Jeff Zentner's debut, THE SERPENT KING, is a little out of my usual wheelhouse--a more serious contemporary YA. But there's no doubt that this is a remarkable book: characters that stay with you long after the story has ended, a bitter-sweet exploration of friendship and small town life and the indelible affects both past and place have.
Dill Early is the infamous son of a preacher (also named Dillard Early) who was recently arrested for possession of pornographic images of a minor. That reputation haunts Dill--as do the rumors circulating about his grandfather, the Serpent King of the book's title. The only thing Dill cares about are his friends, Lydia and Travis, and his music--but as his senior year dawns, even those are threatened, as Lydia can't wait to get out of their small Tennessee town.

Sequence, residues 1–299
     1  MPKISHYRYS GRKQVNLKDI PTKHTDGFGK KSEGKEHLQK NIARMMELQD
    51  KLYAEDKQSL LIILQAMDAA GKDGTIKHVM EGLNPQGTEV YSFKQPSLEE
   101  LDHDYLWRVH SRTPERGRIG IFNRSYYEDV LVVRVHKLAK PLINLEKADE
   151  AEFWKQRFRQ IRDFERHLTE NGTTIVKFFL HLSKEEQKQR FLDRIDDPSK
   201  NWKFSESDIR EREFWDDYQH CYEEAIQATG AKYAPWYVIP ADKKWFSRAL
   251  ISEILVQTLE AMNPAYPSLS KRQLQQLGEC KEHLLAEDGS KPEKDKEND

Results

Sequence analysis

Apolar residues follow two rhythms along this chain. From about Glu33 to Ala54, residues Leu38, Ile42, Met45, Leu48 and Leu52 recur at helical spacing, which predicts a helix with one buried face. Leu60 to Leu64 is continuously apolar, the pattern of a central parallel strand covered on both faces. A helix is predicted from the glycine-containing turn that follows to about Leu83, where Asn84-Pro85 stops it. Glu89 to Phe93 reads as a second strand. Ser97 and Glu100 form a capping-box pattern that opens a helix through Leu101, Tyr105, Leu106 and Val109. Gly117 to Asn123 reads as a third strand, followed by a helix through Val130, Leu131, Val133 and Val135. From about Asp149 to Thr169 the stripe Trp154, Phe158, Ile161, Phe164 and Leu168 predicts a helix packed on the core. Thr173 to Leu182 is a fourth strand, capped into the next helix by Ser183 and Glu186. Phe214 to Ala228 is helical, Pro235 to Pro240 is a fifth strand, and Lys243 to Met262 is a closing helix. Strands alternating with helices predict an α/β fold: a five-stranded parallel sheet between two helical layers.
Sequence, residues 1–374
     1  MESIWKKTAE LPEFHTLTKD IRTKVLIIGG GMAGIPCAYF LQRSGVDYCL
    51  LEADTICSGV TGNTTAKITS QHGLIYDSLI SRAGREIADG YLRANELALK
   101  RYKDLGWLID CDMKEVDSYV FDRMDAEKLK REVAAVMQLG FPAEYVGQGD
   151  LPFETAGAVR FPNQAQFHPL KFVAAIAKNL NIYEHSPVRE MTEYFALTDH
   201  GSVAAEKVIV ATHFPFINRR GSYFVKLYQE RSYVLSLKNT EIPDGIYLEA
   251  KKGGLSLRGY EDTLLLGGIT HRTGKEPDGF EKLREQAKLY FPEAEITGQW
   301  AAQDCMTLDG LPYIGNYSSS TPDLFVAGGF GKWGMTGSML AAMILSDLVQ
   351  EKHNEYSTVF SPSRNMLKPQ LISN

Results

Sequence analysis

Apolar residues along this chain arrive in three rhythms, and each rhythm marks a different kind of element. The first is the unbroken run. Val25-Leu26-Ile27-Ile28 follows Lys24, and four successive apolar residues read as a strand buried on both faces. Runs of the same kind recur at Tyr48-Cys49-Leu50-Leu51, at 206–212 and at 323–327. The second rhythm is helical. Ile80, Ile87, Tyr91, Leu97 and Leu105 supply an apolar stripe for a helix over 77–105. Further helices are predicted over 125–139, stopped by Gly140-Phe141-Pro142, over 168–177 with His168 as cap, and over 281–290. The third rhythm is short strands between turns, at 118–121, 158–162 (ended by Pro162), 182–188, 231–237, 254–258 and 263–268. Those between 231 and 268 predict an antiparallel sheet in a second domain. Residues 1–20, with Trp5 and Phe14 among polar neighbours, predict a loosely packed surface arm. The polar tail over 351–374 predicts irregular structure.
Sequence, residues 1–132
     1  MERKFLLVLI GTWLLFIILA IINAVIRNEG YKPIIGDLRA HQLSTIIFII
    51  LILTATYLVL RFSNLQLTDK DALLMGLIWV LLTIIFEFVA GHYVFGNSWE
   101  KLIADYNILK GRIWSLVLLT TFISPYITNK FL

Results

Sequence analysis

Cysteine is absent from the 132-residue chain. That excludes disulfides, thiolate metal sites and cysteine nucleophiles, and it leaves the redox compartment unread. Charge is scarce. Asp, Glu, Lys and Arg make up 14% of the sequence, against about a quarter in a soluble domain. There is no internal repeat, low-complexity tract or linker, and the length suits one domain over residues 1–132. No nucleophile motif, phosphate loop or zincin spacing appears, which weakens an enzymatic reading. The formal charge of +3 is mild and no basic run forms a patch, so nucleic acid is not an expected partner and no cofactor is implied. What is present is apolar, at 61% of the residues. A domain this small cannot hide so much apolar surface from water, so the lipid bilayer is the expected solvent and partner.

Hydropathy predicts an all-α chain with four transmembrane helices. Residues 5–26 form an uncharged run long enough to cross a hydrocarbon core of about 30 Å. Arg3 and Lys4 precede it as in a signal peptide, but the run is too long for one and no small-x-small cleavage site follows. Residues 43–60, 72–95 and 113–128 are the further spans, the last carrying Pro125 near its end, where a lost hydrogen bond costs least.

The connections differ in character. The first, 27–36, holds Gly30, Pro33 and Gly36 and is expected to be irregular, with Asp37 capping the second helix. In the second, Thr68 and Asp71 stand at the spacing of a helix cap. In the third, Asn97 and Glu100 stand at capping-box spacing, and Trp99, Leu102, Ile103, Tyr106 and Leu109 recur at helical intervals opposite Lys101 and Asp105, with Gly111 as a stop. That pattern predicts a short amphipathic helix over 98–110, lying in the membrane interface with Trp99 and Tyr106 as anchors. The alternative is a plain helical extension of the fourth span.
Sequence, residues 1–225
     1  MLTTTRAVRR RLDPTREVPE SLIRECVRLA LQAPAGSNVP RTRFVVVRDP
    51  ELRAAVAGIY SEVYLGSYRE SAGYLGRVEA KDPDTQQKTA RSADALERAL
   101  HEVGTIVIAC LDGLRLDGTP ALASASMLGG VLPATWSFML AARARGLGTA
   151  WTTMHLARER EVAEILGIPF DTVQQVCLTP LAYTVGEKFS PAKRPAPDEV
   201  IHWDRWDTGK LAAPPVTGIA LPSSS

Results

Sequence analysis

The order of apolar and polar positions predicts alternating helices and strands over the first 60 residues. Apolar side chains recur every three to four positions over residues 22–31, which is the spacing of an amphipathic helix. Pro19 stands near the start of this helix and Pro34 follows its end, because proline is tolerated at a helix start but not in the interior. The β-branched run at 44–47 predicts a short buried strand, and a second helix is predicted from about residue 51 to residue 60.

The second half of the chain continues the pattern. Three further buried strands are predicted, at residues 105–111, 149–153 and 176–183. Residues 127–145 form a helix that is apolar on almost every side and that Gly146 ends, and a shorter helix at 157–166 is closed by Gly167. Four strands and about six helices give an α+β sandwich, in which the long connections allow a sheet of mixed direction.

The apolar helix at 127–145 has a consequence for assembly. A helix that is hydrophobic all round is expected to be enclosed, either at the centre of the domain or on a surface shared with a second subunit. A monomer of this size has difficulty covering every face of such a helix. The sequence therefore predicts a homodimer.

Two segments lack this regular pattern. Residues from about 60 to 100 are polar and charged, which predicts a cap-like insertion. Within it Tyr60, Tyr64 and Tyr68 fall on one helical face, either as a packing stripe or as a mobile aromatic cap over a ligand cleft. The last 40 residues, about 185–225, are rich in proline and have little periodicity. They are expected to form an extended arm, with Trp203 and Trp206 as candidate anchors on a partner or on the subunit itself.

Lydia lives for her fashion blog and her dreams of the future, but she's intensely loyal toward her two friends, both outcasts in their small town. The third corner of their trio, Travis, spends his days working at his father's lumberyard, avoiding his father's temper, and his nights reading his favorite epic fantasy series and engaging in debates (and a possible flirtation) on the reader forums.
The plot, as plots go, isn't high concept or super fast paced. But the book has a way of gripping you and not letting go. The prose is gorgeous (probably award-winning), and the characters--in all their flawed, wondrous glory--are heart-breaking and hopeful. I would not be at all surprised to see Zentner go on to astound us.